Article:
Also, the most common cause of poor UHF performance, is poor installation with shorting or core breakage at the plug - make sure its soldered well, and get the shop to do it if you're unsure, or not handy with a soldering iron.

Most roof mounts are best positioned above the drivers door, and the cable is run down the channel and into the cabin thru the rubber taking the wiring to the front door (May not have one on a Landrover!)

Cheers

Phil
AnswerID: 32882

Reply By: Boxa - Monday, Oct 06, 2003 at 18:53

Monday, Oct 06, 2003 at 18:53
Ross,

Plain and simple. UHF's mode of tx/rx is LOS (Line of Sight). What you see is what you get. Obviously the higher the better and the more radiation conductor beneath (metal) the better the reception in the opposite direction will be.

It works much the same way as holding someones hand while you touch an electric fence, you feel a tingle while they receive the brunt of it.
The AE is you touching the fence with the furtherist part of the car being the unfortunate shock victum. Mounting the AE on the bullbar will use the entire car to transmit better from behind.

To answer your question,
the more further back you have your AE from the bullbar, the further forward you can both tx and rx.

Its my job, I have to know this stuff.

Happy trails,
Box
AnswerID: 32903

Follow Up By: Member - Ross- Tuesday, Oct 07, 2003 at 08:10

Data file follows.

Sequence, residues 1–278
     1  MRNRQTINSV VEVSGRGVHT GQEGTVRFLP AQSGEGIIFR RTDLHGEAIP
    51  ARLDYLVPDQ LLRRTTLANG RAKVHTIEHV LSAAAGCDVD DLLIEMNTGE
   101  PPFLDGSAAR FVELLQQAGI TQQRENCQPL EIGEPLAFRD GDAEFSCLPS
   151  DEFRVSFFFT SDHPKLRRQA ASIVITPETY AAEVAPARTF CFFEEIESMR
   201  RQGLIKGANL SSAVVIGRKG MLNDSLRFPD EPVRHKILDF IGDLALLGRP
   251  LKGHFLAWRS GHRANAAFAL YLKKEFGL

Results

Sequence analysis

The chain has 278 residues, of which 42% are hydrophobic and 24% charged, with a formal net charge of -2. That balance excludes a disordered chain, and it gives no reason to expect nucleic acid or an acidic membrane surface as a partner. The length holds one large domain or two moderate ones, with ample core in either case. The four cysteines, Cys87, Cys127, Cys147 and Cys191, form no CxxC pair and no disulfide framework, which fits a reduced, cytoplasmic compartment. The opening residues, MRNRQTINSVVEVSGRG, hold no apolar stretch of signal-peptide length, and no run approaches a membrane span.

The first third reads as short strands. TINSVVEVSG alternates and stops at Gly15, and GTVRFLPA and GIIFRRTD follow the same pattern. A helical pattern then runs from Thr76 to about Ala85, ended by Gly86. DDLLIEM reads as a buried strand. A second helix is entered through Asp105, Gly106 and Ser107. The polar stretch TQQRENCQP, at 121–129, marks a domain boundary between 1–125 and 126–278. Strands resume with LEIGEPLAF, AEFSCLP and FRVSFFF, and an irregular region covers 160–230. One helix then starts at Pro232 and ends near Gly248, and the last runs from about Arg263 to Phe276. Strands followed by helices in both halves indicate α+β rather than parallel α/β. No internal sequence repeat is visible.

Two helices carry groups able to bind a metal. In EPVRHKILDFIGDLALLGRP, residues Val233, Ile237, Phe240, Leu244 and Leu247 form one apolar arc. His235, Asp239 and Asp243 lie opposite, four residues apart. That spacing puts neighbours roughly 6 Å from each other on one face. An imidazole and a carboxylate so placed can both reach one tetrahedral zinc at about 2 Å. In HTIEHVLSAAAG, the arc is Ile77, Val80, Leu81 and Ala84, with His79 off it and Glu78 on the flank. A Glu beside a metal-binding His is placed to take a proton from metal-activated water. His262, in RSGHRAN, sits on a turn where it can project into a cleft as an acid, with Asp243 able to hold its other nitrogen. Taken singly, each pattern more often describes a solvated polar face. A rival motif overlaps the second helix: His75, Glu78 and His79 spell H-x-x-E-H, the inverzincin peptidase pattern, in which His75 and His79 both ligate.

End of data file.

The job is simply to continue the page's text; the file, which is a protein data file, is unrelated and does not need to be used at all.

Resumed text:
Tuesday, Oct 07, 2003 at 08:10
Thanks Box

Makes alotta sense ... as does most of the above.

Be mindful of the fact my knowledge of radios would slide around on the back of a 5 cent piece.

So what about Phil's suggestion regarding a non ground plane dependent antenna?

Do these work as well as ground plane dependent?

The bull bar is obviously not the best location but I am concerned about leaving it in a low hanging tree branch if roof mounted... "out of sight is out of mind etc etc"

I guess it all boils down to whether the two types of antennae perform equally.

RoscoRosco
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FollowupID: 23553

Follow Up By: Boxa - Tuesday, Oct 07, 2003 at 19:41

Tuesday, Oct 07, 2003 at 19:41
Ross,
You need to consider your needs and of course your usage. If you do alot of bush work then you need to have an aerial that you know will be out of the way or at least tucked in and not pertruding from the roof. If comms are a major priority for your trips then you will need to look into Phils suggestion with running the ground independant rig.
A good 6dB antenae will have a working radius of 15km+ on its worst day.(no hills)
Personally, I run a 6dB antenae on my bullbar as I work in tightnet convoys and I like to be able to use the aerial as a visual height detection for the GU in the tight stuff. Other than that, I only use it for road reports.
This suits my needs.
Hope this helps some what.

Happy trails,
Box

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FollowupID: 23600

Reply By: Eric Experience. - Tuesday, Oct 07, 2003 at 23:21

Tuesday, Oct 07, 2003 at 23:21
Ross.
The best place for the antenna is the centre of the roof but if that is not on then a bracket of the spare wheel mount works best on the defenders, make the bracket at a hight which allows the bulk of the antenna to be above roof hight and towords the centre line of the vehicle, it will not be damaged by branches that are at the normal 45degree angle. Eric.
AnswerID: 33073